In 2003 I ran a half-marathon. And now 20 years later I ran it again. But I made some much needed changes.
11 months ago, I embarked on a running journey that has transformed both my physical and mental capabilities. Starting with mere 1-minute runs followed by 1-minute walks, I gradually progressed and after a few months, began contemplating a significant goal.
This led me to register for the Calgary half-marathon, which took place this past Sunday, May 28th. With a target of completing the race in under three hours while ensuring an injury free finish, I am really grateful to say that I achieved both objectives, finishing with a time of 2 hours and 56 minutes, and feeling really great the next day. A bit of race day stiffness is all that is left.
I had previously participated in the same half-marathon 20 years ago, hence the title of this article. Believe it or not, I didn’t train for that first half marathon. At the time, I played competitive soccer, and thought it was almost the same thing. As I limped across the finish line in 2003…injured and depleted, it was very evident that it wasn’t the same. So, while I ran it at a much faster pace, I learned so much more about myself at this half than I ever did at that first one.
Running, business and life share numerous parallels, but it is when you find yourself at 16 kms, fatigued, questioning your decision-making, and sweltering in the heat… that these parallels truly resonate.
During those three hours on the course, I had some time to think, and so today I share with you what running has taught me about my coaching practice and life in general.
Run your own race.
Though it may sound cliché, nobody else can define what your finish line looks like. Whether in running or in business, your goals and aspirations are unique to you. Comparing yourself to others is futile because their journeys differ from yours. My objective was to achieve a sub-three-hour time and finish without injuries, aligning with my capabilities and training. There were a lot of other half marathoners there with very different goals, but that had nothing to do with mine. Someone else’s finish line can never be your finish line. Simple as that.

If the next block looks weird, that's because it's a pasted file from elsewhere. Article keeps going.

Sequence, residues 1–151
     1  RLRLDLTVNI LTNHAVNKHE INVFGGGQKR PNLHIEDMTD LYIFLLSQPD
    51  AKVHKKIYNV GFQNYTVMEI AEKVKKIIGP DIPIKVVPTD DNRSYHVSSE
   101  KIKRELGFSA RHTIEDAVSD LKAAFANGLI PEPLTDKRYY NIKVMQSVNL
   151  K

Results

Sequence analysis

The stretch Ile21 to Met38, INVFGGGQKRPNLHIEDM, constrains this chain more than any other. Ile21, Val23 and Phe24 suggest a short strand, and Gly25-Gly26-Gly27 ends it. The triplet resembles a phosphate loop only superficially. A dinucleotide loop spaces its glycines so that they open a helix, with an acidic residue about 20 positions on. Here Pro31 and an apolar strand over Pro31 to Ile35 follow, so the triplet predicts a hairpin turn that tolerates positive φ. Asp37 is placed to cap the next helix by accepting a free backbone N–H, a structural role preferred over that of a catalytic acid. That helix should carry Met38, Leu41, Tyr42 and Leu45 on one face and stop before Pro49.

Success is a gradual process.
I dedicated six months to training before even selecting a race, followed by another five months of focused preparation. I ran 573 kms training for a 21.1 km race. It really wasn’t about race day. It was about my commitment leading up to race day. The significance lies in the preparation leading up to the race, representing a personal commitment to myself. I feel like we need this reminder in business – success is gradual. Give yourself time, and put in the reps. Nothing happens overnight.
Surround yourself with cheerleaders.
There is incredible power in the encouragement offered by strangers along the race course. There is nothing like it, and I’m not even sure that those sideline cheers know how much of a difference they make. Aside from race day, from the beginning, I made the wise decision to hire a coach, Sarah, who provided me with confidence, strategic guidance, a training plan, and invaluable accountability. I owe much of my progress to her support.
My main source of support is my husband. Vince is an experienced ultra-athlete, having done 5 ultras (50km x 3, 50 miles and 100kms) in the past 18 months. He ran alongside me during this half-marathon, acting as a personal photographer, giving me words of encouragement, and being my unwavering support system. His presence was invaluable, and I am immensely grateful for his support. Thank you, Vinny, for being an exceptional wing-man.
As I reflect on this half marathon experience, I am reminded that achievements (in business and in life) are not solely measured by a single event but are the result of commitment, perseverance, and a strong support network.
Running this half-marathon has provided me with valuable life lessons applicable to both personal and professional endeavours. This race has given me confidence to continue my training, and continue my racing. I am almost ready to call myself a runner. 🙂